Consumer Engineering

Mid-Century Mass Consumption between Planning Euphoria and the Limits of Growth, 1930s-1970s

March 26-28, 2015
Conference at the University of Göttingen
Conveners: Gary Cross (Pennsylvania State University), Ingo Köhler (Göttingen), Jan Logemann (German Historical Institute)

Participants: Hartmut Berghoff (GHI), Regina Blaszczyk (University of Leeds), Andrew Godley (University of Reading), Orsi Husz (University of Uppsala), Steffen Jahn (University of Göttingen), David Kuchenbuch (University of Gießen), Oliver Kühschelm (University of Vienna), Joseph Malherek (George Washington University), Mara Marginean (Romanian Academy, Institute of History), Giselle Nath (Ghent University), Kevin Rick (University of Marburg), Günter Silberer (University of Göttingen), Uwe Spiekermann (GHI), Guillaume de Syon (Albright College), Thomas Turner (London College of Fashion / Birkbeck College)

The history of marketing has a long tradition in the United States, and recently Europe, too, has begun to the focus historical research on marketing, its techniques, and its effects. Yet we still know little about the mechanisms that connected producers and consumers with regard to communications and market strategy. This conference aimed to investigate the connection between consumers and producers and their effects on marketing strategies and techniques. The term "consumer engineering" emerged during the economic depression of the 1930s in the context of marketing experts' efforts to find new ways of making goods desirable. These experts tried to promote consumer spending through new product innovations, colors and patterns, or by better understanding consumers' psychology. Although the term is frequently associated with the emergence of American mass consumer society, the conference set out to go beyond an American perspective in order to explore the transnational effects of consumer engineering as part of a stage of an accelerating "fast capitalism" that created new forms of marketing and product engineering which spread across Europe and other parts of the world.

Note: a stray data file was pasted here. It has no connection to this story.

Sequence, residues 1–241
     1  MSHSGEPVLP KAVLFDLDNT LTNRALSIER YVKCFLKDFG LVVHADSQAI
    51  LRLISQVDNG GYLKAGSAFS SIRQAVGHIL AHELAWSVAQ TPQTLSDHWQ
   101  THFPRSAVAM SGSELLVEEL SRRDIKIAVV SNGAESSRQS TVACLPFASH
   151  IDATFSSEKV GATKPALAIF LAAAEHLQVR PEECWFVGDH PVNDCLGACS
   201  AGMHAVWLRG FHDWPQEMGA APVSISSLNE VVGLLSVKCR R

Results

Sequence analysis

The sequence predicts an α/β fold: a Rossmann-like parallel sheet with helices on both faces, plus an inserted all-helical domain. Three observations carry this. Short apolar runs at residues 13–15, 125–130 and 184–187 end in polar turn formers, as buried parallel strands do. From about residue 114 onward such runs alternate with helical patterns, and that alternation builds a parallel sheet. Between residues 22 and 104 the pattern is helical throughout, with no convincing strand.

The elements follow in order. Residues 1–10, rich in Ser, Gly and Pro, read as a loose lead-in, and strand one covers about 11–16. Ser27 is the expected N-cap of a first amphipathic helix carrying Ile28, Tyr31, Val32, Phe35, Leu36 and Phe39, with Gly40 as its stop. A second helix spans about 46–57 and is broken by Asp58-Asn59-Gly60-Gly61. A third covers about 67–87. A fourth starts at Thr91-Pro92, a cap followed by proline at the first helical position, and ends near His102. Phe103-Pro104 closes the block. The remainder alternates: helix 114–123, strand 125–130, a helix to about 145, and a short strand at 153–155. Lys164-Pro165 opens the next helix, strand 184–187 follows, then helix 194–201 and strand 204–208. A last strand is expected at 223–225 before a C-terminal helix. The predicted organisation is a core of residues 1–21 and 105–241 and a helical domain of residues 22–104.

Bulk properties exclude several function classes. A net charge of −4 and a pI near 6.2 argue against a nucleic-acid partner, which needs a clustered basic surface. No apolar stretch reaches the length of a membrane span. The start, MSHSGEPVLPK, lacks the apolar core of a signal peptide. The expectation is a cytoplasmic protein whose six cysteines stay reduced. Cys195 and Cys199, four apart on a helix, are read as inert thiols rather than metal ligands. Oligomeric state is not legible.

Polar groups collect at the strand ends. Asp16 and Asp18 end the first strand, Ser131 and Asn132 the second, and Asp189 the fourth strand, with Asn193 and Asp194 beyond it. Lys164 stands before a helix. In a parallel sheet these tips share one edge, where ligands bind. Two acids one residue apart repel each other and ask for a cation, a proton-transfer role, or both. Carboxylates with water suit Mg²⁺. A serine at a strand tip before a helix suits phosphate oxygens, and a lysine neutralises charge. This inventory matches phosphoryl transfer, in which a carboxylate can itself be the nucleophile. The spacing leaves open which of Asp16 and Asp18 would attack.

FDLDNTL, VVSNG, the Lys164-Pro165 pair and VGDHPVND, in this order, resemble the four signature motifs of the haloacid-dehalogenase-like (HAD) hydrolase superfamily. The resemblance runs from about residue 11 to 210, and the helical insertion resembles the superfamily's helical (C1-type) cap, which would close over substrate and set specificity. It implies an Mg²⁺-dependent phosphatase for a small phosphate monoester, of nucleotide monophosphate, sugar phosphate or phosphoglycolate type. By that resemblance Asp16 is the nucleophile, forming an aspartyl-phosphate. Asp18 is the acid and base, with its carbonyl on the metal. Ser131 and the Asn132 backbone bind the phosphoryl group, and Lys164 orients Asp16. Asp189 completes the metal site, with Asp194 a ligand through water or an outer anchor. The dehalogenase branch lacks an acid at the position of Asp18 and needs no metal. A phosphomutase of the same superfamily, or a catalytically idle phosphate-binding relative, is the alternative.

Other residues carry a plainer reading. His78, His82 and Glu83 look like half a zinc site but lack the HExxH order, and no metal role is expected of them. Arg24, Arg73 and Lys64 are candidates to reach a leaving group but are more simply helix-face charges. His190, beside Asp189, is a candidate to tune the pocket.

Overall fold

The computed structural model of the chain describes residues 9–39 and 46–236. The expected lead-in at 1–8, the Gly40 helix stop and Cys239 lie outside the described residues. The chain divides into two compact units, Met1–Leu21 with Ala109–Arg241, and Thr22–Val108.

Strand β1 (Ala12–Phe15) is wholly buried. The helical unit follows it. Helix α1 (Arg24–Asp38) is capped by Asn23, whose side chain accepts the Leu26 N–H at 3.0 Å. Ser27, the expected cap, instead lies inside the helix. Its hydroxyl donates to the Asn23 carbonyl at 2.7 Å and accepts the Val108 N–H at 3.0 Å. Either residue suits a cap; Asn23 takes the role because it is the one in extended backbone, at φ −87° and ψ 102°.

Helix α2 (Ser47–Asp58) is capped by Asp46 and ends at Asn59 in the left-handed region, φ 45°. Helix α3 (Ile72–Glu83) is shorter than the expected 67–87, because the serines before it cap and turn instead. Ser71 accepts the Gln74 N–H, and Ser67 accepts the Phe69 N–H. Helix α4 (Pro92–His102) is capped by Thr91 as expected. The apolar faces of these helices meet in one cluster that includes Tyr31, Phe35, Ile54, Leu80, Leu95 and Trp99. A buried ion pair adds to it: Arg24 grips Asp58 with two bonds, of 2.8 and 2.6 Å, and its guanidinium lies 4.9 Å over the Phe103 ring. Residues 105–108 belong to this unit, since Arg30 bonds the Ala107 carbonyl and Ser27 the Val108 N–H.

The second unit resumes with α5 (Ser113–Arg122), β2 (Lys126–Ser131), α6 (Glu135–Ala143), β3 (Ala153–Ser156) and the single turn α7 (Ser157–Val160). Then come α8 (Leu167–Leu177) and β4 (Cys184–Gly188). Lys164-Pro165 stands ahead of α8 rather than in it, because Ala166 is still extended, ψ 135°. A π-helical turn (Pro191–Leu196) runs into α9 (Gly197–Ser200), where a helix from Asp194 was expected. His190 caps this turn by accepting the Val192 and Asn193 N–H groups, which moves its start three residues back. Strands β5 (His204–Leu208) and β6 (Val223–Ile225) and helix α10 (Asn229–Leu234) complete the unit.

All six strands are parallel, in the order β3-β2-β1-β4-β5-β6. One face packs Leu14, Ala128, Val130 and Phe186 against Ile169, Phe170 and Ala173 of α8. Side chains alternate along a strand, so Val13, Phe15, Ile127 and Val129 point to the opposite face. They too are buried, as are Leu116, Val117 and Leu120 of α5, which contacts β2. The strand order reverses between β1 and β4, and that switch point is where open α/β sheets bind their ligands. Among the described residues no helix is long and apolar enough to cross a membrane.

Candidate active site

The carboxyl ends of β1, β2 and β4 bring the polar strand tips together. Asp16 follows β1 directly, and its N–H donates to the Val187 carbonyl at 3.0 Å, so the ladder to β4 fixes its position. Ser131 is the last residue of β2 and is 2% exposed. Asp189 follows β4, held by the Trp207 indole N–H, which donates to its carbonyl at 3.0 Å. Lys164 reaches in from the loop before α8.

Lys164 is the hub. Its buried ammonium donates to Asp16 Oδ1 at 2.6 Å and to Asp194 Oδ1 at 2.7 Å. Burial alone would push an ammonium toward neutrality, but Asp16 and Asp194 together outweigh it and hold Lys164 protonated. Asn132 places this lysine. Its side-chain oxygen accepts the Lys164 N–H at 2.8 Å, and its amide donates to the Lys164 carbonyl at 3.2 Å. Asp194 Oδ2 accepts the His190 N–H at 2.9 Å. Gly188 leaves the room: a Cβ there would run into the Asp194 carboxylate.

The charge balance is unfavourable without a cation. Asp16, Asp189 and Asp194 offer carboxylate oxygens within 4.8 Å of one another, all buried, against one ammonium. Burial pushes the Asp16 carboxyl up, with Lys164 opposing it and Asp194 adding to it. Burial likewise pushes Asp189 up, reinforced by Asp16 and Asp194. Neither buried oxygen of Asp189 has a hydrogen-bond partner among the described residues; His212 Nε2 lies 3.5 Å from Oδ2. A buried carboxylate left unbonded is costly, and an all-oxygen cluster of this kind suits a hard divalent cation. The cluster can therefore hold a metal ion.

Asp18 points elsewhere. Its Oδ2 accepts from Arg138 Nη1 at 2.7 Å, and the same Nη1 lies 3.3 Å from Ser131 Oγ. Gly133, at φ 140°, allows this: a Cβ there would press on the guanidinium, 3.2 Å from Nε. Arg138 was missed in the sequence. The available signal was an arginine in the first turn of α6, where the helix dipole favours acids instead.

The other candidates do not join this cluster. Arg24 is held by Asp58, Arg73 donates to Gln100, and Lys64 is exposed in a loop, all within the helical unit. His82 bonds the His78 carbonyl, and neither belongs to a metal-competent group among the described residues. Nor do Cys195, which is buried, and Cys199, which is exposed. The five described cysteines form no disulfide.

In his introductory remarks Jan Logemann highlighted the importance of the adaptation of marketing techniques in transnational exchanges since the standards and tastes of European consumers differed from those of their American counterparts. Mid-century marketing experts — many of them transatlantic émigrés — viewed the consumer as a "malleable object," and encouraged companies to devise new strategies and methods to "engineer" the tastes of "new" consumers. Within this context, the conference asked who the principal actors involved in consumer engineering were and which economic and social factors influenced the development of marketing techniques between the 1930s and 1970s. Viewings marketing as a "social technique," the conference asked how successful and influential the so-called consumer engineers were and how they shaped marketing techniques, product design, and the consumption patterns of society. A central goal of the conference was to reconstruct the specific conceptions of modern markets on which consumer engineering was based and how such notions shaped the genesis of the modern mass consumption society. The conference also examined the transnational character of consumer engineering and marketing research. Despite initially emerging in the United States, was it a peculiarly American phenomenon? To date, little is known about the temporal dimension of consumer engineering and its evolution from the 1930s through the 1970s. Trying to fill this gap, the conference traced a change in perspective from efforts in direct and outright consumer manipulation towards a notion of informed and empowered consumers and examined how the marketing profession adapted to broad changes in economic and social circumstances by the 1970s.